Some good friends here lost their son in an accident this summer; the pain is so entirely consuming of your life & your heart. And yet you have to go on, especially if you have other children. I read somewhere that a parent who’d lost a child wrote that “people always tell you that time heals the wounds. It doesn’t. All time does is get you accustomed to living your life in a different way, without the one you’ve lost”.

  2. 2
    leeleeFL says:

    I lost my son a little over a year ago. Grief for a lost child is by far the worst thing a parent can experience. It makes little difference how old your child is when it happens. A parent knows they had more life coming, because the parent is still breathing.
    I know their pain. It doesn’t get better. Like the post says, you learn to live in a different world.

  3. 3
    Richard Fox says:

    Thanks so much for posting this. It speaks across the centuries. What a writer.
    On a less somber note, Your taste is art is impeccable. I always look forward to seeing what work you will use to highlight a point. Art gives me solace and today I looked at a book filled with Watteau drawings. Turned the news off, and kept my mind focused on the studies he did of hands and half turned faces. Must say my looking at these images helped focus my thoughts and composed my mind, if anything could. Cheers, and thanks again.

  4. 4
    Raven says:

    HAVE you news of my boy Jack? ”
    Not this tide.
    “When d’you think that he’ll come back?”
    Not with this wind blowing, and this tide.

    “Has any one else had word of him?”
    Not this tide.
    For what is sunk will hardly swim,
    Not with this wind blowing, and this tide.

    “Oh, dear, what comfort can I find?”
    None this tide,
    Nor any tide,
    Except he did not shame his kind—
    Not even with that wind blowing, and that tide.

    Then hold your head up all the more,
    This tide,
    And every tide;
    Because he was the son you bore,
    And gave to that wind blowing and that tide.


  5. 5
    PurpleGirl says:

    Fred Clark (Slactivist) has posted a number of links to other people’s postings on the massacre. One of them, blogged by a funeral director, lists various aspects of his work as it relates to the massacre. The funeral director mentions a group that arranges to pay burial costs for families that have lost children in things like mass shootings. According to this man, there are so many people who donated and several non-profit groups who work in this area, that the costs have already been covered for all the families.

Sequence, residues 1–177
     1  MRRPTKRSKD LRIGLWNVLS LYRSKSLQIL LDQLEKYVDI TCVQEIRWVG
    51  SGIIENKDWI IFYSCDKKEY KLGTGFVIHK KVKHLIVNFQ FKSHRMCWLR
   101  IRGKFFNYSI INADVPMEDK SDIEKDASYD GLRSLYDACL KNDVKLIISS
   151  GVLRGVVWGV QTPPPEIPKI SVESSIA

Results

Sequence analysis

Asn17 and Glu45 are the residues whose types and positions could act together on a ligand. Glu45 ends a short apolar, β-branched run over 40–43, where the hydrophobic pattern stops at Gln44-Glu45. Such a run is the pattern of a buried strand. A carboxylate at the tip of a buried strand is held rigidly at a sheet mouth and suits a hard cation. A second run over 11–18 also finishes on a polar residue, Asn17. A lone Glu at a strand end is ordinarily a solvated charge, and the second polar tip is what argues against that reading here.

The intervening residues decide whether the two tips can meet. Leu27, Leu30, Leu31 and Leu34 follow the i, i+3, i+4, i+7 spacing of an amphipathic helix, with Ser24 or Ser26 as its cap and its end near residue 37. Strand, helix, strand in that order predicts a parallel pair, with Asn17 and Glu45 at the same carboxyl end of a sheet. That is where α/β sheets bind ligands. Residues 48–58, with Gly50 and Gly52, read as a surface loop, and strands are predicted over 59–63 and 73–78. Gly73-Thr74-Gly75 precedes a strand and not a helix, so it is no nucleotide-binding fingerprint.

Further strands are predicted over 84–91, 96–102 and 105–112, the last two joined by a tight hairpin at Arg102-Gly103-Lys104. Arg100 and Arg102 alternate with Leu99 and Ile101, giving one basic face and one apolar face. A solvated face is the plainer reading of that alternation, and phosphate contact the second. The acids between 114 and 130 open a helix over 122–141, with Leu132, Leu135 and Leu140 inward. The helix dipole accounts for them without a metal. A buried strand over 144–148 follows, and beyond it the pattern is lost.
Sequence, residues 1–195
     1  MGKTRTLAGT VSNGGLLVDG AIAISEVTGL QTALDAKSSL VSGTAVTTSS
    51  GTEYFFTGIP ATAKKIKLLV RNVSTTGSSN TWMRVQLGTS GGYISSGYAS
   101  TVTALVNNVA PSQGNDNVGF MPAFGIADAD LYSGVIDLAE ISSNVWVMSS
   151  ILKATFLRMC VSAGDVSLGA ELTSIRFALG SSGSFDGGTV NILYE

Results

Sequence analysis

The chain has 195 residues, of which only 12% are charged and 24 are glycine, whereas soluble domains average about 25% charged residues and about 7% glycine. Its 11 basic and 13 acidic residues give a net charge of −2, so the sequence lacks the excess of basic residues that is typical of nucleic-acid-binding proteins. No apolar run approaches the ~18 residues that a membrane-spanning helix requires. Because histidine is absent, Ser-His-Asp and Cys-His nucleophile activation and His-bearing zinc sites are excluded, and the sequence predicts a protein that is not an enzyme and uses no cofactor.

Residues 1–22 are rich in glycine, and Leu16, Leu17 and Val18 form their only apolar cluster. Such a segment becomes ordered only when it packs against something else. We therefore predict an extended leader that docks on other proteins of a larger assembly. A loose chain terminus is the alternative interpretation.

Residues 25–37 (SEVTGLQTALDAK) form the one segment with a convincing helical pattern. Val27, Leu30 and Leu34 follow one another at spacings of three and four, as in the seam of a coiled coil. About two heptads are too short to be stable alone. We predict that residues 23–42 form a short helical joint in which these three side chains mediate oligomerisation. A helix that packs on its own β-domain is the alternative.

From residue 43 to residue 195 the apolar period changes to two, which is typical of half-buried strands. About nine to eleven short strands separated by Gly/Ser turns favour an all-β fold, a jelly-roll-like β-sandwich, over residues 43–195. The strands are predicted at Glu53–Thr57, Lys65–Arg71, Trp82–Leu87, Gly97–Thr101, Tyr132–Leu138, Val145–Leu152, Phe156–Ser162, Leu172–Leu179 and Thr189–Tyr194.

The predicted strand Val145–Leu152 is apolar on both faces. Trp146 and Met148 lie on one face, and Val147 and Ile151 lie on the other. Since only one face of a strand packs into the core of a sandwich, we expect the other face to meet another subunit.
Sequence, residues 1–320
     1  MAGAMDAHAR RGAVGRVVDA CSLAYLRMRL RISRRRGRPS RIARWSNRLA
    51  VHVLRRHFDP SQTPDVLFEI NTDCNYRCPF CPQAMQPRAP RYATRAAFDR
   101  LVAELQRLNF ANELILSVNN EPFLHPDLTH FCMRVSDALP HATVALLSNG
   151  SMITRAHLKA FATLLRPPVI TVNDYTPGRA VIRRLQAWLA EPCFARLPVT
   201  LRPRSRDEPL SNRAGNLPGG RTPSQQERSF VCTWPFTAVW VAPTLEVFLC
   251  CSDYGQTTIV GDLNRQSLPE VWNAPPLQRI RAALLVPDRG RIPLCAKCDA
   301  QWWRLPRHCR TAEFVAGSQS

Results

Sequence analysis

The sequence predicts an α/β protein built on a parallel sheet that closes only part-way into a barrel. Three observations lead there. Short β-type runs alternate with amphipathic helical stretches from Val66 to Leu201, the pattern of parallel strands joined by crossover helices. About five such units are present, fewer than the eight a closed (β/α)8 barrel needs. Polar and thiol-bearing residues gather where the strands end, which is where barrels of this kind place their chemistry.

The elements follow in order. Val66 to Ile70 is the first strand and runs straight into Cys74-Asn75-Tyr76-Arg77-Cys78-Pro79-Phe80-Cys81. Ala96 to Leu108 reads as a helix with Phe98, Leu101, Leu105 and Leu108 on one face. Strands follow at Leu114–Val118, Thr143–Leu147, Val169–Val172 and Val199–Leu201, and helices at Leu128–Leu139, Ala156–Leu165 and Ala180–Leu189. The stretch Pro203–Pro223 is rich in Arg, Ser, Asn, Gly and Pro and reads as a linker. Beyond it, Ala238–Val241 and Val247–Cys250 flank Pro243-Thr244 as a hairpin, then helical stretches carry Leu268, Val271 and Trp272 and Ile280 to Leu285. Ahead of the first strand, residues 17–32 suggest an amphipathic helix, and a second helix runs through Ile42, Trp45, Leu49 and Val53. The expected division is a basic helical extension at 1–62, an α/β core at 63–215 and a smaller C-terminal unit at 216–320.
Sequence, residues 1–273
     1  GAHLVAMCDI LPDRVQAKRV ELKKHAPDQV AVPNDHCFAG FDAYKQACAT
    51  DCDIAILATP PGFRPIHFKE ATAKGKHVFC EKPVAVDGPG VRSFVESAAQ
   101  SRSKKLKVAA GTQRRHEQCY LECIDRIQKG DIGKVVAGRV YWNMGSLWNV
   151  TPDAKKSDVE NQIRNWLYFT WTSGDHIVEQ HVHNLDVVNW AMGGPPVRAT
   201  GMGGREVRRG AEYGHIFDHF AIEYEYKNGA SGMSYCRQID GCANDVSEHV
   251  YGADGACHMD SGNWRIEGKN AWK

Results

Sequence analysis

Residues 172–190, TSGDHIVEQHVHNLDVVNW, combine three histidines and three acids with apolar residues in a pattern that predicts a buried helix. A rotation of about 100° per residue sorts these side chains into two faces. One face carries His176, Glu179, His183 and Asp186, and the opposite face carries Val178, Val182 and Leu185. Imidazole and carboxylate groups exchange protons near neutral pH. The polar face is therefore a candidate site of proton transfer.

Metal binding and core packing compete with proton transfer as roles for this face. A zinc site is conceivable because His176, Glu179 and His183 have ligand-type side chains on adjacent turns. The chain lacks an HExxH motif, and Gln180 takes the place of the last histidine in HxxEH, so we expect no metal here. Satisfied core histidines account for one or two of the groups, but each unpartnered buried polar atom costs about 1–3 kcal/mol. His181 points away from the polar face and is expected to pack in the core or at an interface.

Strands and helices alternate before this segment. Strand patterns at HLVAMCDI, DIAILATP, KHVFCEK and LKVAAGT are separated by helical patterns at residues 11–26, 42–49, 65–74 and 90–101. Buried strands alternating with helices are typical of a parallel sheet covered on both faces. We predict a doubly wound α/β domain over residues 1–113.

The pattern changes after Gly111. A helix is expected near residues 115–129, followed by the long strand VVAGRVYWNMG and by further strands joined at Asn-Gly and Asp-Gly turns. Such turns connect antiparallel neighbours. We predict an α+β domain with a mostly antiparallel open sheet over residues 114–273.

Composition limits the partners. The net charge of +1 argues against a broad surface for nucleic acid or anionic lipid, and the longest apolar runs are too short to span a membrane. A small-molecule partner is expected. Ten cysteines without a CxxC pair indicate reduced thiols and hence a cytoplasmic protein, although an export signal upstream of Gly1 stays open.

In a weird way this made my heart feel good — to know that these families will not have to be burdened by trying to pay funeral costs.

    Anyway, if anyone wants to read some related writings but not exactly about the shootings, stop by Slacktivist. It may make you feel better and make you better able to cope.

  6. 6
    gogol's wife says:

    I don’t have any children, but this is tearing me up. I just keep thinking about what those little kids suffered right before they died. I can’t take it.

    I know how even one murder radiates out and affects so many people and so many aspects of their lives. What’s happened in Newtown is simply unimaginable.

  7. 7
    Cassidy says:

    Deleted by request…anti-spambot activity.

  8. 8
    WereBear says:

    These events always remind me that losing at least one child, at a young age, was the norm for most of human history. Even such a starchy character as Cotton Mather cried out to his god when he lost his young daughter.

    Though that doesn’t help anyone’s pain now, we should remember that; we have advanced.

  9. 9
    Violet says:

    @Cassidy: Check with ABL. Didn’t she start a PAC for her Uterati group?

  10. 10
    gogol's wife says:


    I don’t either. I’m starting from scratch, tomorrow morning.

  11. 11
    Violet says:

    @WereBear: Yeah, so many children were lost to illness before immunizations and other more modern medical advances. And so many women died due to pregnancy complications or childbirth. We have come a long way.

  12. 12
    Chris says:

    Tom, I’m glad you’re around posting these days.

    Yeah, I saw this first hand 3 times in the last 5 years…my brother, as a young adult – my good friend’s 6 year old, of neuroblastoma, and my nephew, 9 years old of brain tumor.

    Its just a heartbreak to witness, let alone experience.

  13. 13
    Raven says:

    I went to the funeral of the 90 year old mother of a friend today. One of the infants started fussing and the father walked her out to another room. The child screamed for about 10 minutes straight and it was very difficult not to think about yesterday.

  14. 14
    Raven says:

    @Cassidy: Craiglist has “Groups” section under “Community”.

  15. 15
    Raven says:

    @Cassidy: When you put your email addy in a post replace the @ with “at” and the .com wit “dot com.

  16. 16
    WereBear says:

    @Chris: I’m so sorry.

    I hesitated even bringing it up, because of course it is wrenching no matter when it happens.